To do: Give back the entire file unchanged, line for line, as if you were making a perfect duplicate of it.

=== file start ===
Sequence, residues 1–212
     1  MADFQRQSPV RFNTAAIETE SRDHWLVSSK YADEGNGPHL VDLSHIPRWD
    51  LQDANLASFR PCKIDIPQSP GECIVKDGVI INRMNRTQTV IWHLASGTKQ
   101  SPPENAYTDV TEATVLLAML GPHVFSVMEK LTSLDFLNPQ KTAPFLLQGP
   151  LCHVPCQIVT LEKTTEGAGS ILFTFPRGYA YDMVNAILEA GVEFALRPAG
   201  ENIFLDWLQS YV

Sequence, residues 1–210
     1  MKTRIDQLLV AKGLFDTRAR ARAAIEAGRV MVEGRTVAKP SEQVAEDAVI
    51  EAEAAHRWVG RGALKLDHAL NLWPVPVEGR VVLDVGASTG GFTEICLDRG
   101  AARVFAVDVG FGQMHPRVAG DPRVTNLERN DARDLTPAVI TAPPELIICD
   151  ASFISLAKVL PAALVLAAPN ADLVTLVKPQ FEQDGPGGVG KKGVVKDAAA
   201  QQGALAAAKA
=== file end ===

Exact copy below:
Sequence, residues 1–212
     1  MADFQRQSPV RFNTAAIETE SRDHWLVSSK YADEGNGPHL VDLSHIPRWD
    51  LQDANLASFR PCKIDIPQSP GECIVKDGVI INRMNRTQTV IWHLASGTKQ
   101  SPPENAYTDV TEATVLLAML GPHVFSVMEK LTSLDFLNPQ KTAPFLLQGP
   151  LCHVPCQIVT LEKTTEGAGS ILFTFPRGYA YDMVNAILEA GVEFALRPAG
   201  ENIFLDWLQS YV

Sequence, residues 1–210
     1  MKTRIDQLLV AKGLFDTRAR ARAAIEAGRV MVEGRTVAKP SEQVAEDAVI
    51  EAEAAHRWVG RGALKLDHAL NLWPVPVEGR VVLDVGASTG GFTEICLDRG
   101  AARVFAVDVG FGQMHPRVAG DPRVTNLERN DARDLTPAVI TAPPELIICD
   151  ASFISLAKVL PAALVLAAPN ADLVTLVKPQ FEQDGPGGVG KKGVVKDAAA
   201  QQGALAAAKA